``...thorough control of the structure of matter at the molecular level. It entails the ability to build molecular systems with atom-by-atom precision, yielding a variety of nanomachines. These capabilities are sometimes referred to as molecular manufacturing.
--K. Eric Drexler, 1989
A capability never before available to technology. Previously, the exclusive domain of biological systems.
So what we're talking about is making the next big jump to building systems a thousand times smaller than the ones we're making today; to go all the way to the bottom and start working with individual atoms.
This is called molecular engineering, or nanotechnology. Eric Drexler defines this as control of the structure of matter at the molecular level, however achieved.
Technology has never had this kind of precise control; all of our technologies today are bulk technologies. We take a big chunk of stuff and hack away at it until we're left with the object we want, or we assemble parts from components without regard to structure at the molecular level. Precise atomic level fabrication has previously been done only by living biological organisms. We are entering an era when some of the barriers between engineered and living systems will begin to fall.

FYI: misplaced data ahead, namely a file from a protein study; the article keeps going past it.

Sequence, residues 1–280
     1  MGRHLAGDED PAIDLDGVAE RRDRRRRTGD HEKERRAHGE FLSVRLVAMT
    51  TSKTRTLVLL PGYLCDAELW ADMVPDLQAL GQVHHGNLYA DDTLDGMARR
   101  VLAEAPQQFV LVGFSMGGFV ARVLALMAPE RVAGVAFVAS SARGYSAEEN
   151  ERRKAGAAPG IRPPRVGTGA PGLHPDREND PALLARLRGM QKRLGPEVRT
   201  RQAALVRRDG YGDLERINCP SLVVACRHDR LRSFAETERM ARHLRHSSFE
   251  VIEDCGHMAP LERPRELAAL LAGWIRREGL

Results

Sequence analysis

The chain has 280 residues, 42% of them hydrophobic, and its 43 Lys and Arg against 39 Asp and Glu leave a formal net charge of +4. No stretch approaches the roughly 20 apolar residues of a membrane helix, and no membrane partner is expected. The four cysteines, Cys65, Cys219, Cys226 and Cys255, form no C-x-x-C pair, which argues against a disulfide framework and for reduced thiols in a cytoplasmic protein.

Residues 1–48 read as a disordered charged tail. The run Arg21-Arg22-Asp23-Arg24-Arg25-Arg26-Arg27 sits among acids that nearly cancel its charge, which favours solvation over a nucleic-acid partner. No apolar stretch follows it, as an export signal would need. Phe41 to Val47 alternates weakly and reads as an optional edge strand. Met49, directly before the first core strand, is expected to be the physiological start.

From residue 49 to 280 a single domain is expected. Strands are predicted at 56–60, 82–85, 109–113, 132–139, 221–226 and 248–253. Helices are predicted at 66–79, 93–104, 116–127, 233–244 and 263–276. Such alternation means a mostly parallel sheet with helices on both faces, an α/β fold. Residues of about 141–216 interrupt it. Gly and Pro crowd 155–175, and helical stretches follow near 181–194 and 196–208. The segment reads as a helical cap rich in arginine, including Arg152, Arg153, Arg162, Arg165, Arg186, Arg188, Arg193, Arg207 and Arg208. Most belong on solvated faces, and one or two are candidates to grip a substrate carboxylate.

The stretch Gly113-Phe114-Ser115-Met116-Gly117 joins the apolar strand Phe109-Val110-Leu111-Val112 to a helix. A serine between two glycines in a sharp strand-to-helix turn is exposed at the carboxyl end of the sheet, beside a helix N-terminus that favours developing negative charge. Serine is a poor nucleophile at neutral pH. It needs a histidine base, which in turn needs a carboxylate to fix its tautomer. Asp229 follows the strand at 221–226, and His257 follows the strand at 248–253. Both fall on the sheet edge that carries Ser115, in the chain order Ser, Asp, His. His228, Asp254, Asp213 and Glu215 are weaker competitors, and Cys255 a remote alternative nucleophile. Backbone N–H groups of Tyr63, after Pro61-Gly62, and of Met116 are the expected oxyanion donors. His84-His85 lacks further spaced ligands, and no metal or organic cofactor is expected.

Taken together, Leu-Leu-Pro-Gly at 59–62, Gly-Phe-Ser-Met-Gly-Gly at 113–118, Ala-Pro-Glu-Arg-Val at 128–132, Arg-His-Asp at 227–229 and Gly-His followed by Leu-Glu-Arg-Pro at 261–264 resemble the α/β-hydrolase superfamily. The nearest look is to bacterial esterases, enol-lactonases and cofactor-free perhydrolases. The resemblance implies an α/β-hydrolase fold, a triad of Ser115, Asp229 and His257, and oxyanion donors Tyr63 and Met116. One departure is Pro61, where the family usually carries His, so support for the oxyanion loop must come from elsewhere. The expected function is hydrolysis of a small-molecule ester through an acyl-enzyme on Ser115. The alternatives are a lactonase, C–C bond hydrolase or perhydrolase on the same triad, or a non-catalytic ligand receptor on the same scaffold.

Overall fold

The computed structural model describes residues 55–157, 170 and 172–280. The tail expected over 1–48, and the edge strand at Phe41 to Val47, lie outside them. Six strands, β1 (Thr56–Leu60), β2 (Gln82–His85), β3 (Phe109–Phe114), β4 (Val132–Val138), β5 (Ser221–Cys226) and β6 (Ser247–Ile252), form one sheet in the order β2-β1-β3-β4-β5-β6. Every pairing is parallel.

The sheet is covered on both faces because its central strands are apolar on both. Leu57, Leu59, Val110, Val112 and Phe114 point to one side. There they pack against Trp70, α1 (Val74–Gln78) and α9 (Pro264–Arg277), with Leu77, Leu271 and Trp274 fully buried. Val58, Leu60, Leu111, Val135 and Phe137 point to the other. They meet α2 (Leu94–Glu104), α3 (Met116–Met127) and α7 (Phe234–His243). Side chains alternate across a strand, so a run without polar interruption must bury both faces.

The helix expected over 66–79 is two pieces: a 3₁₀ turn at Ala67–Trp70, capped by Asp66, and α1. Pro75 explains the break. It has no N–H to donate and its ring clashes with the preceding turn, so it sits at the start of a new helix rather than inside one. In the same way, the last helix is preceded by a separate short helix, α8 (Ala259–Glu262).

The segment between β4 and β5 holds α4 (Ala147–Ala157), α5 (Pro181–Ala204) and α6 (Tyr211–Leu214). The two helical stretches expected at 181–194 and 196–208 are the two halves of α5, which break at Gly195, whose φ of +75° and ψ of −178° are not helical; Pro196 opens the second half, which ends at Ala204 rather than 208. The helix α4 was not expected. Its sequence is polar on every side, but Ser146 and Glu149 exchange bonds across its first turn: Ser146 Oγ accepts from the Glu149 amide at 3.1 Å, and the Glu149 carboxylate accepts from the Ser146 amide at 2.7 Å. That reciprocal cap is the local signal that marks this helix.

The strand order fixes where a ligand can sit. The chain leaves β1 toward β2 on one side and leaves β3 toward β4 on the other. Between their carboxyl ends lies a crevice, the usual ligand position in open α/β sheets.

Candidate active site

In fact, we're already building components on the scale of biological systems. The picture on the left shows a neuron net from a human brain with an integrated circuit component inset at the same scale. The picture on the right is a synapse--the interconnection of the wiring in the human brain, with a one micrometre scale. Remember that this is just about the feature size of the wires in our integrated circuits.
The huge difference in capability between engineered and biological systems is not just the materials from which they're made, it's that the fine structure of the integrated circuit stops with what you can see: there's nothing down below. Since we're forced to fabricate our circuits from bulk material, from the top down, they must be essentially two-dimensional. Biology builds its structures from the bottom up, at the molecular level, and in three dimensions.
Engineers are beginning to learn how to do this.
Editor: John Walker